No, it isn't reasonable to assume that. That would make the assumption that the USPTO doesn't have its head up its a**. And we know that's not true.

    A patent applies to the specific underlying process that swiping triggers.

    It depends on what actions the patent covers. Being that the article has no actual information, it is hard to say what might or might not be infringing.

    Even if the beginning motion and the end result are the same, as long as the underlying codes to are different, there is no patent violation.

    Nope, it has nothing to do with the underneath code, it's all about the 'process/action'. Apple isn't suing Samsung and motorola over slide to unlock because they used Apple's code. Apple is suing them because the action (begin: swipe.... end: unlock) is the same.

    Otherwise, turning a k*** or pushing a button would be far too expensive a method of activating, or adjusting anything.

    Now you're just not making sense. Software and hardware patents are completely different. Hardware patents have an actual purpose, shows what it does, how it differs from anything else out there, and you can see what it is and what it does.

    Software patents cover two different things: algorithms and concepts. The algorithms allows you to patent, say, an encryption concept. An action lets you patent the idea of how something looks. So, for example, Amazon patents "one-click buying" and apple pays them money to use the idea, even though Apple probably doesn't use a single line of Amazon code. Or Creative Labs patents an interface idea for navigating music on a hand held device, and then gets apple to pay them money because it worked like the iPod interface.

  1. testudo

    Forum Regular

    Joined: Aug 2001

    +2

    duh...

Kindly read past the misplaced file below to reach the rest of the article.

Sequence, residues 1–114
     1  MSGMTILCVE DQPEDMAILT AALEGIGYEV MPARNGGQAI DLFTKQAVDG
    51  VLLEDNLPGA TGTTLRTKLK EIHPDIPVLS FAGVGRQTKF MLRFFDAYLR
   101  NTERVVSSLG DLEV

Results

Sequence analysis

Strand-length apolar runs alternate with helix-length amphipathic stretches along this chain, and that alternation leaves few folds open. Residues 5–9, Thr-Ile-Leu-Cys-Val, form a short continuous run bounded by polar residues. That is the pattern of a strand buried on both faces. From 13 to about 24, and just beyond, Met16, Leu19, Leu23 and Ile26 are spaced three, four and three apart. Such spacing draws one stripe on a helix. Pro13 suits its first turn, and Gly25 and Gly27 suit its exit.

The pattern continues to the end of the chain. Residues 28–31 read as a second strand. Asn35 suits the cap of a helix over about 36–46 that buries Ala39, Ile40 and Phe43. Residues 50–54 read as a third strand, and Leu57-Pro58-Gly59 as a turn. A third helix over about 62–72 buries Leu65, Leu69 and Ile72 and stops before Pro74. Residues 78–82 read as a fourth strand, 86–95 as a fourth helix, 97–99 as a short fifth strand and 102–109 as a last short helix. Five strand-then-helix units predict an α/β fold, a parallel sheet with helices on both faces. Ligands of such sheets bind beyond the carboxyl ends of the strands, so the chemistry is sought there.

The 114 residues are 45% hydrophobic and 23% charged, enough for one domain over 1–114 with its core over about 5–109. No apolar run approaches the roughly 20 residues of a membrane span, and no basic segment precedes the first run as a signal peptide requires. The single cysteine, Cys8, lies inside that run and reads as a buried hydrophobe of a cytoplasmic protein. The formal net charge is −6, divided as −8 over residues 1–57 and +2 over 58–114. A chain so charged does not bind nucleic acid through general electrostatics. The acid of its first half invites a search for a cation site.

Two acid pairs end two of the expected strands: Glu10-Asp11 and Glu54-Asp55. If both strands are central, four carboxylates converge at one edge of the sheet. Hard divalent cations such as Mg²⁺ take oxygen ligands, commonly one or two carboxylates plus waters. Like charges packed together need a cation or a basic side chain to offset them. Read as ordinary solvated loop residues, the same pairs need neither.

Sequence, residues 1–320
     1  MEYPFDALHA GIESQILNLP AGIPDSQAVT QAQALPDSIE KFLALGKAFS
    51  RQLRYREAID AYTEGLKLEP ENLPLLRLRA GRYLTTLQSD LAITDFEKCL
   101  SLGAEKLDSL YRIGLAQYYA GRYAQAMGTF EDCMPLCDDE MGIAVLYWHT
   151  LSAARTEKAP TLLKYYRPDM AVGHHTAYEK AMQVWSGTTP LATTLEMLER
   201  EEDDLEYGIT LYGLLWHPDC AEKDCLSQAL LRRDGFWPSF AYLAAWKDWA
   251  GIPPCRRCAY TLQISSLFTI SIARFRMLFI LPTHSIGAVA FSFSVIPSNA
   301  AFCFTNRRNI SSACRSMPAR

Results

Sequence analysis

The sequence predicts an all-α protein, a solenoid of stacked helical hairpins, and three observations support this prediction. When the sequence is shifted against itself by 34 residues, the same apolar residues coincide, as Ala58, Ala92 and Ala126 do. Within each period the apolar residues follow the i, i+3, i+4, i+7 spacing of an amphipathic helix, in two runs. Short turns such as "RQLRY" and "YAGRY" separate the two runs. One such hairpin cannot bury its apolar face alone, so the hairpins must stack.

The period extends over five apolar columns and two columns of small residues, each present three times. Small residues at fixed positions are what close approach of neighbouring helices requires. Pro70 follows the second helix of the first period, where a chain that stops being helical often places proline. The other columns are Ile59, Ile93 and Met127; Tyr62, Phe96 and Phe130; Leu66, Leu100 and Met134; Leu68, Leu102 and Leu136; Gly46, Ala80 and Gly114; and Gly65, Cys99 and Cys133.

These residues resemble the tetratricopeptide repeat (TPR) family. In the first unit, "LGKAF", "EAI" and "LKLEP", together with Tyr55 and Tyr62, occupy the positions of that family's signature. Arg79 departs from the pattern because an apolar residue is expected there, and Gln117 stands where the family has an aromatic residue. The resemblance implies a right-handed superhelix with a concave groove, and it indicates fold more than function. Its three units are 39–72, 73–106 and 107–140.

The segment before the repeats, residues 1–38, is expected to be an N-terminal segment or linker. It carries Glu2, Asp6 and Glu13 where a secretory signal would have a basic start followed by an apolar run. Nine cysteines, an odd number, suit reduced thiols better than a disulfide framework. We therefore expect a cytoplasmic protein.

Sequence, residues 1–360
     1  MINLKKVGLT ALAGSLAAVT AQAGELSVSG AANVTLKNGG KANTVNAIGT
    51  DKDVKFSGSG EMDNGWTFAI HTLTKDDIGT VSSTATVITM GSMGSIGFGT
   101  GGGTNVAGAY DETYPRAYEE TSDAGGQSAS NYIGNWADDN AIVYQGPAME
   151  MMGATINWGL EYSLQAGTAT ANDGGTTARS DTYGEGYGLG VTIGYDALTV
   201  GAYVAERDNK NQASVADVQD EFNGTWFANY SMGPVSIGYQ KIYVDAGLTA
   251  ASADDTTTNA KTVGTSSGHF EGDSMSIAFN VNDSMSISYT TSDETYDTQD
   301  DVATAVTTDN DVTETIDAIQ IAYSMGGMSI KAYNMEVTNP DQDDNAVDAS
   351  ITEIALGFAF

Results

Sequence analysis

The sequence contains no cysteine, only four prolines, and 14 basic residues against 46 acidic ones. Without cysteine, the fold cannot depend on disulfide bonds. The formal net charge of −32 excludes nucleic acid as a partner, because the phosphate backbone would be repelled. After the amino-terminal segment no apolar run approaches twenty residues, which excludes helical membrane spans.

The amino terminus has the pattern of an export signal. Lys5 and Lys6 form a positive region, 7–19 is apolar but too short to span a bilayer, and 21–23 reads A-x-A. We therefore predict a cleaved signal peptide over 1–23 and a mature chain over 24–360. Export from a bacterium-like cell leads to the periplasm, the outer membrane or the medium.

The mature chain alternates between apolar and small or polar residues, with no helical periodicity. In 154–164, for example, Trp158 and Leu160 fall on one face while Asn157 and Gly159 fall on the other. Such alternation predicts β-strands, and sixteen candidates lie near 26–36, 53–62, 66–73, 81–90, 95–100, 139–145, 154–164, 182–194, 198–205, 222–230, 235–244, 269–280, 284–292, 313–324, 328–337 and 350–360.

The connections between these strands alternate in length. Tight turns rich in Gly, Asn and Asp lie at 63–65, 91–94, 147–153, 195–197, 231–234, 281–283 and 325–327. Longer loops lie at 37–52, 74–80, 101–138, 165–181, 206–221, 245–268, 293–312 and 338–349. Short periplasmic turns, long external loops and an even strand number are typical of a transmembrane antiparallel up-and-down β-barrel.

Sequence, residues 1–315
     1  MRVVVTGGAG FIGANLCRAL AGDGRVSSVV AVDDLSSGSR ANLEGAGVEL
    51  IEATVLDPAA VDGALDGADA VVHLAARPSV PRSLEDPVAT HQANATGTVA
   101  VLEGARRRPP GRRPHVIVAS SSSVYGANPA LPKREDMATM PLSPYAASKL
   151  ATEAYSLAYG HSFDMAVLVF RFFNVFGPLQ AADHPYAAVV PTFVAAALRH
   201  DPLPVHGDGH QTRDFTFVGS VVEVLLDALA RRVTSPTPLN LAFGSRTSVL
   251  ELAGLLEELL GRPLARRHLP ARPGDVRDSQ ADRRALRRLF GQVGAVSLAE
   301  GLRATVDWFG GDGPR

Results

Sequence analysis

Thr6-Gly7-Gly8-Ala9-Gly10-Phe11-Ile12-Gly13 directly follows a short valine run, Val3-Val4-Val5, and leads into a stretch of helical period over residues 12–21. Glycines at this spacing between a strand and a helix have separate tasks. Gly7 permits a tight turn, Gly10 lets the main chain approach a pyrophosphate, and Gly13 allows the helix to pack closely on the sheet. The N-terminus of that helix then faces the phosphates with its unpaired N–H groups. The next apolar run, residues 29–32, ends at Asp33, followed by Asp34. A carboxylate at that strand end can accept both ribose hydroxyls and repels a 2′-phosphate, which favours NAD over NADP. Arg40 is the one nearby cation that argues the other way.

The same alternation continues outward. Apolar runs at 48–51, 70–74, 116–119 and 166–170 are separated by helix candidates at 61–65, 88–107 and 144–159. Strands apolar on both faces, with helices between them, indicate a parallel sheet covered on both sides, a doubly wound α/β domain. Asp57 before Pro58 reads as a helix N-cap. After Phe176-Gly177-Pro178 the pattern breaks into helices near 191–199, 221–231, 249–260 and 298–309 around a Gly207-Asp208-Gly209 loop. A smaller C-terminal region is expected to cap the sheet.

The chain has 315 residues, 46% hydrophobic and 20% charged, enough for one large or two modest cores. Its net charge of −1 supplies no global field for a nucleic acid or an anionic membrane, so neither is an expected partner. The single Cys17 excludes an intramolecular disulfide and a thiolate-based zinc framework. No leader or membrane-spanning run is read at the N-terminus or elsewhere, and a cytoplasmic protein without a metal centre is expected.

The company notes that it first filed for the patent in 2002, and in fact got rights to it on January 10th, but is only now pursuing "friendly licensing" deals with various companies.

    That's because if they tried to approach anyone before, they would have been laughed at, since they didn't have a patent to license.

  1. wrenchy

    Forum Regular

    Joined: Nov 2009

    -5

    @ ginjg

    >>> re: it's the code, not the action.

    >>> A patent applies to the specific underlying process that swiping triggers. Even if the beginning motion and the end result are the same, as long as the underlying codes to are different, there is no patent violation.

    So what you're saying is, the process (slide to lock or tablet functionality) can look the same (Galaxy Tab & iPad) and work the same, but as long as the code for the two differ (iOS vs Android), there is no patent violation??

    Tell Apple that.

  1. b9bot

    Fresh-Faced Recruit

    Joined: Dec 2008

    -1

    Apple already has a Patent

    Apple already has a Patent for slide to unlock, so this Swedish firm needs to license it from Apple, not the other way around since Apple got there Patent first.